In a refugee camp, where NGOs provide water, shelter, and food, they don’t take all this away with no notice. The same ethos must now be applied to all services including Wi-Fi. For me, the lack of budgeting for longer term provision is a massive failure and, in my opinion, if a project cannot be funded for the longer term, it should not be started at all.

The manufacturers of Wi-fi equipment such as Cisco are massively generous with hardware, but generally do not fund connectivity. The telecoms sector could be doing much more in this space to support such projects by providing free of discounted services. They are often massive multinational organisations with the means to afford supporting humanitarian assistance.

In a nutshell, whilst we can deliver great services at pace, more work is needed on the funding side to keep services running beyond the first year!

Bandwidth to run the Wi-Fi services is some locations can be expensive, especially if satellite technologies are used. With a high volume of users, it will be necessary to limit the number of websites the community can access. As previously mentioned, streaming services such as YouTube are likely to be blocked.

Priority must always be given to essential services which are important to members of the community the project supports. is a good example of a service that will be of great value to refugees. This website has been created in a wide range of languages to provide communities with information about claiming asylum, accessing health care and many more services. This service has been operating in Greece for many years and has been showcased as a major success.

Education Technology (EdTech) is another important service where Wi-Fi systems have been set up to allow students to access to approved education content. In projects where we support a displaced population, the continuation of education for children is vital. Across Ukraine, there are many of examples of such services where educational content approved by the Ministry of Education is delivered every day.

In the assessment phase of a new project, when engaging local communities, also engage government officials such as Health and Education as well so that services can be provided to support these important thematic areas.

Next, but possibly most importantly, Wi-Fi services must be designed and delivered with privacy and security always in mind. In many cases the communities we support will have been displaced because of armed conflict. Alongside the physical wars, there is cyber war taking place. Bad actors (some government sponsored) will attempt to hack IT systems being used to support displaced communities. The activities can range from denying access to services to more sinister attempts to get information about people in the community you are supporting.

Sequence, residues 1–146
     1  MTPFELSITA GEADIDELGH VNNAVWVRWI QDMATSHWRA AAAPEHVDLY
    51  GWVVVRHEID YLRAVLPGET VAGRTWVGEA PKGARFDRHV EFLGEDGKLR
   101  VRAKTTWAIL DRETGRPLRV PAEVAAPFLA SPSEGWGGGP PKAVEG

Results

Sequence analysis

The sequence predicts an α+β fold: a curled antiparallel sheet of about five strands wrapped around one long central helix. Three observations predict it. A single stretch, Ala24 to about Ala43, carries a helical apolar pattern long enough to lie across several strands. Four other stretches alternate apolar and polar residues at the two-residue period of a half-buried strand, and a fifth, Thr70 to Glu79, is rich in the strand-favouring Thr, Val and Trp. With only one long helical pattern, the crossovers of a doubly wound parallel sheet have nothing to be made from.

Cyber Security and data protection must be included into all projects where services are provided to communities. The threat is very real and there is plenty of evidence supporting this.

As I write this article, war taking place in Gaza where over one million people have been displaced. Before the war, the population in Gaza had regular access to services including Internet.

Famine is building up in Gaza as access for aid agencies is limited. When a ceasefire does take hold, the Aid Sector will need to move in at pace to deliver medical supplies, food, water, and other important non-food items. Alongside these lifesaving services, the community will also need access to digital services and connectivity. As an aid community, are we ready to deliver this?

We need to talk about connectivity for digital programming!

Across the Aid Sector (UN and NGOs) there is amazing progress made in the digital programming space (also known as ICT4D and T4D). Digital applications have a positive impact on communities through various services such as mobile money and cash vouchers, information sharing, feedback services and much more. Despite all these amazing programmes, I am becoming very concerned that many organisations in this sector are just focusing on digital programming and neglecting its enabler which is power and connectivity. In this article, I am going to advance the argument about why infrastructure-based services to communities remain not just important but essential for the success of Digital Programming.

Back in 2015, I was part of the Emergency Telecommunications Cluster (ETC) working group where the ETC 2020 strategy was launched. One objective of ETC2020 was to deliver “Service to Communities”.  Until ETC2020, the organisations focus was to facilitate connectivity and telecoms for aid agencies during major disaster responses. It was recognised that to provide connectivity to affected communities were becoming increasingly important. Around the same time, some organisations including NetHope were already at work in this space and providing connectivity to communities in the refugee camps in Greece.

Using the Nethope Wi-Fi services, IRC and Mercy corps was able to provide the website which informed refugees about humanitarian services and how to navigate complex asylum application processes. Later, this approached become the Signpost project Signpost–Who We Are — Signpost.